In those moments I managed to find some footing and return to the work at hand. We continued our efforts to bring him back for a while longer and finally ceased. As the flurry of activity slowed, I stepped into the rituals that I knew well. I cleaned his body, removed all of the IVs, washed his arms, chest and face, and I found a blanket to cover him, and put his head on a pillow with his face showing so the family could come and make their goodbyes. This was my personal ritual, the preparation of the dead, the simple gift I had to offer those who were left behind.
I was severely shaken and for many months I had a hard time coming to terms with the feelings I experienced that day. I spent a lot of time meditating, praying, and doing the rituals and ceremonies I have been taught. It was like a piece of me had been left inside the space that was once occupied by this man, a part of me that took a very long time to get back—if I ever did. I suppose I could have done a “soul-retrieval,” or some other “therapy,” but I had enough skepticism and stubbornness that I chose to attend to myself the best I was able. After a time, the effects diminished and the strange emptiness I felt inside no longer haunted me as much. From that point on I was much more cautious, afraid to once again step that far into the breach.
To this day I continue to work with an open heart to the best of my ability. Compassion, diligence, and attention are constantly with me as I meet people at their worst. However, I am careful not to let myself get overextended, yet conscious that it is an important place to occupy. It is easy to let myself take risks for granted and to equate all risk as similar, but this is far from the truth. Along with physical danger, there are also intangible dangers that are perilous to the soul. I have learned that there are many different kinds of dangers in this rather extreme business.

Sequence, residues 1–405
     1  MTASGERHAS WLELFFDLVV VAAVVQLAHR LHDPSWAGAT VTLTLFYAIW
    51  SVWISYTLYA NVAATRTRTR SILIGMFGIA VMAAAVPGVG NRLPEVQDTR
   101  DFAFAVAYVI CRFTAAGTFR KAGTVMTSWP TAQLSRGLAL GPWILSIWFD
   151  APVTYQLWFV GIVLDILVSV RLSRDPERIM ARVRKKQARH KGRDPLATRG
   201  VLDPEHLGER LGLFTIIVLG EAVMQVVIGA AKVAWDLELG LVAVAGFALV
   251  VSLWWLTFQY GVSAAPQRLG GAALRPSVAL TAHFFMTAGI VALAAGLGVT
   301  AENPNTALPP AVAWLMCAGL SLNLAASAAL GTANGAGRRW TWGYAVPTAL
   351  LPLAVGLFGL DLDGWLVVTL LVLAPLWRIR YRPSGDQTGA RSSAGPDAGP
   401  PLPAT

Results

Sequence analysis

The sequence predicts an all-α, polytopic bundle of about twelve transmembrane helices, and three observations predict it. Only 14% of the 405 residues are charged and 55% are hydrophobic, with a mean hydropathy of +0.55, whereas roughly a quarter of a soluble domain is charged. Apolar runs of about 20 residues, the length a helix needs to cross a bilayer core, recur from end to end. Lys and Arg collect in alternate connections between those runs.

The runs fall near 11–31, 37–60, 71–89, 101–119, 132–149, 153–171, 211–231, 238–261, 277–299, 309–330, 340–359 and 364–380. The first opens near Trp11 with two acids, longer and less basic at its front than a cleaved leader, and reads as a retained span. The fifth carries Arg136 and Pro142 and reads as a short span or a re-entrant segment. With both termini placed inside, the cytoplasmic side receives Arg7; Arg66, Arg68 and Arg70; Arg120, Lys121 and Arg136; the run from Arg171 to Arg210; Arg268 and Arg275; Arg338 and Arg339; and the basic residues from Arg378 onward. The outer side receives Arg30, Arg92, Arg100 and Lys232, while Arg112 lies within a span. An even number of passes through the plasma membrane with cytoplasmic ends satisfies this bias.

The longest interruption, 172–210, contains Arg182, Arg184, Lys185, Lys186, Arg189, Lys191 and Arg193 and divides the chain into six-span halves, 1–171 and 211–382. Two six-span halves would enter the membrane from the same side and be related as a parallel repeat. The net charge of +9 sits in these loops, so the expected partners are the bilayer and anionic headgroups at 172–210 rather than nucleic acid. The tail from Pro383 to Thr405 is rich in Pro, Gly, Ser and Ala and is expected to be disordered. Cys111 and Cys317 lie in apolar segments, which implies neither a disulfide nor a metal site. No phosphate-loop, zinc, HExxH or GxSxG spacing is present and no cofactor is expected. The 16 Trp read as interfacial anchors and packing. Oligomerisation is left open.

I realize now that I have been able to keep an open heart with the dying (often more than with the living). When faced with death, I can open my heart, I am able to connect with other realms, watch the movement of the world around me through spiritual eyes, and manage what I am able with certainty and frankness. It may be that death strangely comforts me. It has a feeling of clarity, certainty, and completeness that is satisfying in an odd sort of way. Death is a part of this grand dance of life, and my feet will tread that terrain one day, knees shaking I am sure, but tread there I will. For now, I live the best way I know. I greet my friends with kindness and gratitude, I welcome new friends with graciousness, and I take what life has to offer with a nod and a smile.
We live in a world rich with beauty and if we can keep our eyes and heart turned toward that beauty—well, isn’t that a good thing?
– Benjamin Dennis, PhD
The Art of Dying
The Great Figure
Meetings at the Edge: Dialogues with the Grieving and the Dying, the Healing and the Healed